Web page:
After a very disappointing entry last year, Codemasters has gone back to the drawing board with F1 2016. In a similar fashion to what was done with Dirt Rally, they’ve taken on board the feedback of the community and set about crafting an experience that focuses on both simulation and immersion. Many of the features that were stripped out in F1 2015 have been resurrected, plus a few extras.
Firstly, it’s a welcome relief to see that the career mode has made a return after it was inexplicably culled last year. Giving the player a gaming experience that spans 10 seasons, it allows for some light RPG elements with rivalries, changing teams each year (or even mid-season), and an overarching goal of becoming world champion. Starting in one of the bottom teams and working your way up year-on-year is a reflection of the mechanics of the actual sport, and I’m really glad to see this back.
Another returning feature is the safety car, but Codemasters wasn’t content to stop there. The virtual safety car system introduced to the real sport by the FIA last year has also been applied, and for the first time the formation lap and manual race starts have been added. These all work together to really immerse the player in a race weekend, and the fans of the sport will no doubt love this attention to detail.
The handling and damage models have been tweaked and improved again too. The cars definitely have a better sense of weight and inertia, and so direct and precise steering input is even more crucial than ever if you don’t want to end up nose first into the tyres. And with a new damage level that is appropriately titled “simulation”, small collisions with a wall that players would have got away with before are now a race-over scenario.
If somehow you think the above is still not hard enough, then I have some good news for you: only the top level of drivers are going to be competitive without any traction control enabled now, as the handling system is far less forgiving on low gear corners than last year. Even with a racing wheel, I was simply unable to drive these cars in the wet without at least some form of TC present, which wounded my pride more than a little.
Race weekends still have all the previous options, allowing for short sprint races with a one-lap qualifying all the way to the full blown simulation of all practice and qualifying sessions topped by a 90 minute race. In the previous games, practice sessions have felt redundant – this is a video game after all, and you can just jump into time trial mode if you want to practice a track.
That’s finally changed this year, with the inclusion of practice session goals that you can view the data from after completion. Players go out on track for a set number of laps as they try to achieve tyre management or lap time objectives that they’ve been set. And when you get back to your garage, the telemetry data that the game records now communicates where you’re doing well, and more importantly, where there is room for improvement.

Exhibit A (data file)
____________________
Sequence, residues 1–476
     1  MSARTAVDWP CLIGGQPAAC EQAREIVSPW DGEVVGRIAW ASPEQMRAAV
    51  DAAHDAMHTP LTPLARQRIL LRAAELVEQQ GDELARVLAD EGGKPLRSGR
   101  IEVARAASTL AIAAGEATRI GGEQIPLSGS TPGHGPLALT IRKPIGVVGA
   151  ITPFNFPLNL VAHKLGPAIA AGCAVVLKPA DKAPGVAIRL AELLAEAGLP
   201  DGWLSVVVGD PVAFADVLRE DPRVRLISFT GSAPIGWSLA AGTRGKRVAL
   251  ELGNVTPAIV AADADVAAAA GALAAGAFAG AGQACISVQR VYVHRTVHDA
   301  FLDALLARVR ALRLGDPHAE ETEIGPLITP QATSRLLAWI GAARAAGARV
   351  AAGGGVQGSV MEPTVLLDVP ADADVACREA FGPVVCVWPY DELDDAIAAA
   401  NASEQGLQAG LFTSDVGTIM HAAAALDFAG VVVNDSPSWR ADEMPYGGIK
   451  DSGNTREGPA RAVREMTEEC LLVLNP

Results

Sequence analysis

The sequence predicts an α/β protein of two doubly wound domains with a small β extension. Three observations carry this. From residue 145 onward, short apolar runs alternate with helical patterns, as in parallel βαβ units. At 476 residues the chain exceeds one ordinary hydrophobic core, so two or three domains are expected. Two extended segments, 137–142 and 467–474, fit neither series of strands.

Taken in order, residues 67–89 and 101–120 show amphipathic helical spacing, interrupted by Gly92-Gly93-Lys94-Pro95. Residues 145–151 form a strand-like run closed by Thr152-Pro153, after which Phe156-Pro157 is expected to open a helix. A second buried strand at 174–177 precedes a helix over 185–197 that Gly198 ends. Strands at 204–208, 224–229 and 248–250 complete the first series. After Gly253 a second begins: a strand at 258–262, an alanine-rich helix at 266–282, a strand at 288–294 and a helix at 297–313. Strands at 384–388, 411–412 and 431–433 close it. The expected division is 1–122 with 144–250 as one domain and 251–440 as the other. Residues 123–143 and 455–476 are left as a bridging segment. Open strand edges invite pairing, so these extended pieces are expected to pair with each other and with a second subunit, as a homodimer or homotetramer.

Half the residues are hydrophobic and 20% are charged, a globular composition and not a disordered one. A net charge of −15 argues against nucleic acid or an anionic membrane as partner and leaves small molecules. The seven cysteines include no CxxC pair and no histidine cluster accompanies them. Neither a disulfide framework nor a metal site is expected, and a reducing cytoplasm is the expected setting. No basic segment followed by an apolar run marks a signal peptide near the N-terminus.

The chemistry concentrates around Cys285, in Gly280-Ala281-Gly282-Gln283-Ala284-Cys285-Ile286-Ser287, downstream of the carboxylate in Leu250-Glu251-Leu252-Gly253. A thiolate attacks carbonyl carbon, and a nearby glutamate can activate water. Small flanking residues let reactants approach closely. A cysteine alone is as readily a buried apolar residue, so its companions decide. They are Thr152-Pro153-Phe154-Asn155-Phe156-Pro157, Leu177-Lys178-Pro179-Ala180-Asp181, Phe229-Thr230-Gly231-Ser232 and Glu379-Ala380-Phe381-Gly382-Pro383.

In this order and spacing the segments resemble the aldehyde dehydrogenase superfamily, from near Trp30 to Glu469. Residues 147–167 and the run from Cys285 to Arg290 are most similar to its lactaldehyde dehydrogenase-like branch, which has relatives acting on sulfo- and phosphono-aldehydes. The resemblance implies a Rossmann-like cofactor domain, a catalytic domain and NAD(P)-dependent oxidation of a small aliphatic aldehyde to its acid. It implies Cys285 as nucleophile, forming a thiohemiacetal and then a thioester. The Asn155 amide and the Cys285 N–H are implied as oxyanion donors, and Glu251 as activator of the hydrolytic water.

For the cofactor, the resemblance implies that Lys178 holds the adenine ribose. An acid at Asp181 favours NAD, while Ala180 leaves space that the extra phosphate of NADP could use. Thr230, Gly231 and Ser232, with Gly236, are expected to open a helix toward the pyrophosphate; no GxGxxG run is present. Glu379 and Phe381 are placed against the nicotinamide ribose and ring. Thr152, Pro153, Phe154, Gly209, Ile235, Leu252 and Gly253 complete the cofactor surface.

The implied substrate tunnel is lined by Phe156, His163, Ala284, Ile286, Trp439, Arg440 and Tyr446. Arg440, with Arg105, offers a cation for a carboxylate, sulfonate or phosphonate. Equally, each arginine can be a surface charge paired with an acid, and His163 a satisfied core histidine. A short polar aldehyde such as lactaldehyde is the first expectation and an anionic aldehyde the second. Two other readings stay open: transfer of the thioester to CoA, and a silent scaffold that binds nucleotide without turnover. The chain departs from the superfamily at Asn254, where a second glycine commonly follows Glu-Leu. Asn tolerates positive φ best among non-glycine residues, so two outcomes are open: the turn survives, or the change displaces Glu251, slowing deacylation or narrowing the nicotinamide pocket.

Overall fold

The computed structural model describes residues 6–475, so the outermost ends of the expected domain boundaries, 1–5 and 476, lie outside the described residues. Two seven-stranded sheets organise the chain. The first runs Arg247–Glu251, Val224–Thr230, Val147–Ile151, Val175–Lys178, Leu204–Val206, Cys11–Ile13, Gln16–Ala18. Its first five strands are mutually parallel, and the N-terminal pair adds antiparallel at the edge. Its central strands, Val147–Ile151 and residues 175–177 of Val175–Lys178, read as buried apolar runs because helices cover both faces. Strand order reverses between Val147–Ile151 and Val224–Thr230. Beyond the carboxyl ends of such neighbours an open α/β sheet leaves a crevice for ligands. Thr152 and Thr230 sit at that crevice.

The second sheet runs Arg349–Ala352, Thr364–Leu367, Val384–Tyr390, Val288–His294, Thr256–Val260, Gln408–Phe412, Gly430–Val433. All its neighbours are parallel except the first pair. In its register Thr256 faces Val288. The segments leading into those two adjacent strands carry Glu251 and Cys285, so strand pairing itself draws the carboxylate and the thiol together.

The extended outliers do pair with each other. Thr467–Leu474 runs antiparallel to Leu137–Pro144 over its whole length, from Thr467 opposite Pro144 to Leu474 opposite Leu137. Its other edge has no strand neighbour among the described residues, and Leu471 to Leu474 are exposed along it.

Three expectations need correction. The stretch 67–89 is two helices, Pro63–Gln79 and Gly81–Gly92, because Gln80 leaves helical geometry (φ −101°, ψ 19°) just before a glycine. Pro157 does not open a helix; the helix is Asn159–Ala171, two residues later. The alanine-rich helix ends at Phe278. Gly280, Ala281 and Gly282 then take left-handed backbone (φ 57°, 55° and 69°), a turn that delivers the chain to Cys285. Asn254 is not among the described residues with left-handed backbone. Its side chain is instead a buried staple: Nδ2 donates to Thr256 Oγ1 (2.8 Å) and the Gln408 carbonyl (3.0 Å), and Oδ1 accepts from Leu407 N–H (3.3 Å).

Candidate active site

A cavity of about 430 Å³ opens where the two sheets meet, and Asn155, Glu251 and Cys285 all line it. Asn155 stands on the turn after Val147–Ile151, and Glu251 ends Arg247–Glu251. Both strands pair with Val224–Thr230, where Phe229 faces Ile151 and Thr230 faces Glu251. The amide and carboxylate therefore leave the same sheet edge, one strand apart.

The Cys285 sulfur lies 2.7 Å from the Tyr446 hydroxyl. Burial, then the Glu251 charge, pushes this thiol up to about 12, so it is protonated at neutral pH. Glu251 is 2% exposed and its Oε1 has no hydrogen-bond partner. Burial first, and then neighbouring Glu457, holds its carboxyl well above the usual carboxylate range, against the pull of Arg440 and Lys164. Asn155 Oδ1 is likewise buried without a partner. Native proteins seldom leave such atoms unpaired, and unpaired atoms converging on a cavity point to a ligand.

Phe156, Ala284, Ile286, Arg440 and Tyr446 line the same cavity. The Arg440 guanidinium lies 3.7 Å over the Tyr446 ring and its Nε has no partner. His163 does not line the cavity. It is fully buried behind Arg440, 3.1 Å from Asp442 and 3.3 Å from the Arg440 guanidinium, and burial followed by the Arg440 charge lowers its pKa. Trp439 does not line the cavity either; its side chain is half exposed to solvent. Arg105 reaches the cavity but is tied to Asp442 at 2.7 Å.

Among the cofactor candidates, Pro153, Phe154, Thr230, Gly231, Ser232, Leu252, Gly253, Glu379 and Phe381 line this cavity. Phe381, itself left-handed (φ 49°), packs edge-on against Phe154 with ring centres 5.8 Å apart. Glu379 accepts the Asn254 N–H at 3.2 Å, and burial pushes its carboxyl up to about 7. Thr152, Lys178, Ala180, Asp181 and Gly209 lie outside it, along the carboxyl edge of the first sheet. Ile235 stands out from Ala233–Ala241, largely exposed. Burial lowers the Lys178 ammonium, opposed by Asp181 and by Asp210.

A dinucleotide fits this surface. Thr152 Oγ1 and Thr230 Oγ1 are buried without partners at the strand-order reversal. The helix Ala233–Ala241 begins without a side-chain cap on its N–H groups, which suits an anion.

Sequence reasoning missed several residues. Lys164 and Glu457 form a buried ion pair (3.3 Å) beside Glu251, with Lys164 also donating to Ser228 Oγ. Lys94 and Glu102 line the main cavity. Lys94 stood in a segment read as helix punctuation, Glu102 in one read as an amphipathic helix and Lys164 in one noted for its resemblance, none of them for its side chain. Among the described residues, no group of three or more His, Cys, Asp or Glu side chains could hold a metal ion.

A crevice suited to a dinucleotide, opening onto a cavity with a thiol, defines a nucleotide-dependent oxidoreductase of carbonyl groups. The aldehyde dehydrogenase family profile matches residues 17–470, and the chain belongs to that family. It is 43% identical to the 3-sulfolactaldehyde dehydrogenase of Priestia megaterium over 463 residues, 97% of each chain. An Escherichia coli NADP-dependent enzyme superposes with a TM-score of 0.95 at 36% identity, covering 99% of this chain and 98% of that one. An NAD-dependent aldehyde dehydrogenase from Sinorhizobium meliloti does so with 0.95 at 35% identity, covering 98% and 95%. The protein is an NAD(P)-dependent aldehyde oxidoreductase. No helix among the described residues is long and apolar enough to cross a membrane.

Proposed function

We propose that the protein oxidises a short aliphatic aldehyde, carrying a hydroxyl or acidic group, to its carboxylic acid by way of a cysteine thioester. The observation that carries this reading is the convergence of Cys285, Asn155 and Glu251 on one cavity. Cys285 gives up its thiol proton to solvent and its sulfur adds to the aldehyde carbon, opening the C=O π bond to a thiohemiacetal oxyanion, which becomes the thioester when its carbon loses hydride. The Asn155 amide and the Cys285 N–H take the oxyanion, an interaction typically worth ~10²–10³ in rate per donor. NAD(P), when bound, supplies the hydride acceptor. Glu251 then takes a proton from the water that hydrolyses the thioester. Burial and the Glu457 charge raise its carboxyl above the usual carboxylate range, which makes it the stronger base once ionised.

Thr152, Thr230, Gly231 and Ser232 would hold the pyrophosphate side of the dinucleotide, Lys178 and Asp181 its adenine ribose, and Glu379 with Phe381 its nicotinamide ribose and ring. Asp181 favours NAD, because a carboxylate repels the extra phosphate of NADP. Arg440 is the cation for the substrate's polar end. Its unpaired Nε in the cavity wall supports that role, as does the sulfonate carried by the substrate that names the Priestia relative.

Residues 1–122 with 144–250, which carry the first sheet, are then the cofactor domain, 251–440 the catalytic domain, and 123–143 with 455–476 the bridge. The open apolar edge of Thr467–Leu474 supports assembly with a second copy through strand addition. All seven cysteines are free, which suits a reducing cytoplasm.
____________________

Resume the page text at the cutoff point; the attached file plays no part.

For experienced veterans, this change to practice sessions may be of limited use. But for new players and those who aren’t playing these games religiously, the track acclimatisation objective is a godsend, and a great way to be able to sit down and get a good understanding of a track in fewer than 10 laps. It finally makes practice sessions relevant in the video game format, as there’s been little reason to take part till now.
Besides the practice goals and career mode, the next greatest feature has to be the brand new Baku City track which is making it’s debut to the F1 calendar this year. I’ve always been a sucker for city courses, and the Azerbaijan circuit has quickly become my new favourite track for the season. What seem like eternally long straights are abruptly terminated by harsh 90 degree corners, and there’s a fast left-hander that I STILL hit the outside barrier three out of four times. Love it!
Not everything has been improved though. The AI drivers still can’t overtake without weaving all over the track, the penalty system is still as capricious as ever, and the commentary for the race starts has me rolling my eyes at how scripted it sounds. But these aren’t deal breakers, and while it would be nice if they fixed everything in the one release, I guess they’re leaving something for the next year’s follow-up.
Multiplayer is present as would be expected, with standard matchmaking modes and custom races. The racing itself is much like previous years, and the annoying penalty system will no doubt lead to a few spectacular ragequits. There is a server browser on PC, but only for custom races, and damage is still turned off on the matchmaking by default. All in all, it’s still there and it works, just don’t expect many improvements.
The only major change that did catch my eye was a new championship mode available in the custom race section, but on further inspection it’s functionality appears limited to running a single multiplayer session that others can join. I was really hoping to see Codemasters build off the Dirt Rally league system they debuted last year, but what is in the game currently is better than nothing.
If last year’s game was a step backwards, then F1 2016 is the very necessary two steps forward. Most of the criticisms I had have been quashed, and the revamped practice sessions are a breath of fresh air in a game franchise that sometimes struggles to find meaningful improvement. While the removing and then reinstating of core features does feel somewhat cynical, I believe many will just be happy that the developer is back on track and delivering a quality F1 game.